(NEW YORK) — Carmakers and labor leaders are closely watching for results to be released on Friday in a seismic union election that could supercharge organizing in the nation’s auto sector and demonstrate the strength of a resurgent labor movement through a victory in the South, a region typically resistant to unions.

As many as 4,300 employees at a Volkswagen plant in Chattanooga, Tennessee, are voting on whether to join the United Auto Workers.

Workers began casting ballots this week in the most significant test for the UAW since a strike last fall against the Big 3 U.S. carmakers that delivered substantial gains and a burst of interest from employees at non-union firms.

“Workers in America are fed up with being left behind and unions are the path to dignity on and off the job,” UAW president Shawn Fain said in February in a post on X, after having met with workers at the Volkswagen facility.

The labor agreements at the Big 3 last year prompted some non-union competitors to offer pay increases and other benefits, putting their employees in closer alignment with UAW members. Honda, Nissan and Tesla are among the companies that raised wages for U.S. employees after the UAW deal.

The breakthrough also triggered a wave of UAW organizing, the union says. Over 10,000 non-union auto workers have signed cards in support of the UAW in recent months and organizing campaigns have broken out at more than two dozen facilities, the union said in a statement last month.

The election at the Volkswagen plant in Chattanooga offers a difficult test, even as the union appears poised for growth. The UAW suffered narrow defeats in two elections at the facility over the past decade.

Governors of six southern states, including Tennessee Gov. Bill Lee, issued a joint statement this week criticizing the UAW and voicing general opposition toward unions.

“As Governors, we have a responsibility to our constituents to speak up when we see special interests looking to come into our state and threaten our jobs and the values we live by,” they wrote.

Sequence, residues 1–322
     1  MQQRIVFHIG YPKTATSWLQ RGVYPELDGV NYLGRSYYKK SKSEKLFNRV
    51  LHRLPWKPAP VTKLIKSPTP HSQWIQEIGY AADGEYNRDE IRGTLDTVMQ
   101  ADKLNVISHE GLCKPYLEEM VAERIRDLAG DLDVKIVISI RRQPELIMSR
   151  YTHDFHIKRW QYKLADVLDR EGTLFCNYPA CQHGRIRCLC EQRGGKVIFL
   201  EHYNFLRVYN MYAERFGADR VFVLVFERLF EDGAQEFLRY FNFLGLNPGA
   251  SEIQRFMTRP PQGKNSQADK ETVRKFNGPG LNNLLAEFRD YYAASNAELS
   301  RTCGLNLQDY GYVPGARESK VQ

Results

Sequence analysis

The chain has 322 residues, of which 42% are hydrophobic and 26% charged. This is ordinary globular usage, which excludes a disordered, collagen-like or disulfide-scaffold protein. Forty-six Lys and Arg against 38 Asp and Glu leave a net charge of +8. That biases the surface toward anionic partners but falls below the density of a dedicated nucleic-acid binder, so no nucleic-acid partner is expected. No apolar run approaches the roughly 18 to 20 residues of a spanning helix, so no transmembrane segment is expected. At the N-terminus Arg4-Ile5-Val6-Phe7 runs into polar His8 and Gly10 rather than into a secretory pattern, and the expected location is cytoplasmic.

For its part, Volkswagen has remained publicly neutral toward the union drive. In a statement, the company told ABC News that it supports the union election process.

“We respect our workers’ right to a democratic process and to determine who should represent their interests,” Volkswagen said.

“We fully support an NLRB vote so every team member has a chance to a secret ballot vote on this important decision. Volkswagen is proud of our working environment in Chattanooga that provides some of the best paying jobs in the area,” the company added

A union victory would help bolster the UAW’s membership, which has dropped steadily from a peak of 1.5 million workers in 1970 to 370,000 last year.

The opportunity for membership expansion at the UAW, just months after its high-profile strike against the Big 3, exemplifies a wider trend in the U.S. labor movement.

More than 500,000 workers went out on strike nationwide in 2023, more than doubling the figure recorded a year earlier, according to Cornell University’s School of Industrial and Labor Relations.

The uptick in activity, however, failed to translate into union membership gains. Only 10% of U.S. workers belonged to unions last year, little changed from the year prior, U.S. Bureau of Labor Statistics data showed.

The election in Chattanooga will test whether the headline-grabbing labor strikes can translate into a resurgence of union growth, said Stephen Silvia, a professor at American University and the author of The UAW’s Southern Gamble.

“Historically, unionization has proceeded in waves,” Silvia said. “Is this a wave? That’s what we’ll see.”

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